Luke Sinwell and Siphiwe Mbatha: The Spirit of Marikana: The Rise of Insurgent Trade Unionism in South Africa.

Author:Shall, Sydney
Position:Book review

Luke Sinwell and Siphiwe Mbatha

The Spirit of Marikana: The Rise of Insurgent Trade Unionism in South Africa, London: Pluto Press, 2016; 224 pp.: ISBN 9780745336480, 19.99 [pounds sterling]

This book describes the strikes by workers in platinum mines that took place in South Africa in 2012, 2013 and 2014. However, the book's subtitle--The Rise of Insurgent Trade Unionism in South Africa--is misleading in the sense that trade unionism predates this period, most pertinently in the great African miners' strike of 1946.

The northern regions of South Africa possess about 80% of the world's known platinum reserves, accounting for about 70% of global output. This natural asset is owned and exploited by the world's three largest platinum mining companies, one of which had previously been the dominant gold-mining company in South Africa. The wages paid by these companies were, at that time, well below the subsistence level. The work was strenuous and dangerous. Eventually, the miners went on strike for a modest increase in wages. The mine owners refused and, unsurprisingly, South Africa's new capitalist government sided violently with them.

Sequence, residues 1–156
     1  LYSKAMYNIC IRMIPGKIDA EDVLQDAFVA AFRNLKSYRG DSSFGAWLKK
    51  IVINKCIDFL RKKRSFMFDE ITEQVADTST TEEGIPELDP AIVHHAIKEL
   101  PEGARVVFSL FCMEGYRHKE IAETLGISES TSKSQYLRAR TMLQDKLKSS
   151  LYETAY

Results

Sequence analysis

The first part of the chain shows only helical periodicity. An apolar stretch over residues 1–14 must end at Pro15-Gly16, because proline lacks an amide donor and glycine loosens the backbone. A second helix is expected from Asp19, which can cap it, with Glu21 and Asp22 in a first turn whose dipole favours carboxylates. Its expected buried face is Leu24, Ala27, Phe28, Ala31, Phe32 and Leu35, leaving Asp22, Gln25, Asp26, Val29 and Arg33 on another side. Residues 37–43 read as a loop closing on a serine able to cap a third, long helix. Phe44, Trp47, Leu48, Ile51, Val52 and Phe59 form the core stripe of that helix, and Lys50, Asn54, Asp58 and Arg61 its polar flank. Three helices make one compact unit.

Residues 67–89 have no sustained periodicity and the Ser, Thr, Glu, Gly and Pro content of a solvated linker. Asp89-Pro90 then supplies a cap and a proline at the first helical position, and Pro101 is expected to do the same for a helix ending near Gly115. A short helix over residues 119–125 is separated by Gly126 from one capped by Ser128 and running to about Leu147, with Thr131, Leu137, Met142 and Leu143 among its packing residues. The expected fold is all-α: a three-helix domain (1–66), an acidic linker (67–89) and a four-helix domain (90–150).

The authors describe these events and a bit of the background, mainly through verbatim first-hand reports by the participant mineworkers. Oral histories like this are rare and the descriptions in this book are vivid, significant and well edited.

The book has six chapters. After a general introduction in Chapter 1, Chapter 2 describes the development of local, spontaneous workers' committees at the mines. Chapter 3 describes the first, unofficial and hence illegal, strike at the Lonmin mine, when South African police killed 34 miners. A subsequent, unofficial and hence illegal, strike at the Amplats Mine is discussed in Chapter 4. Chapter 5 describes how workers' committees evolved into more formal structures, finally joining a recognised trade union. Finally, Chapter 6 considers the huge, successful, legal mineworkers' strike of 2014.

For readers unfamiliar with South African labour law, it is important to mention that when the new South African Constitution was being drafted, a (labour) lawyer involved in the process insisted on the insertion of a clause that essentially made all strikes by workers for better working conditions legal. However, the ANC government subsequently passed a law dividing all strikes into protected and unprotected, thus re-establishing the distinction between legal and illegal strikes.


To continue reading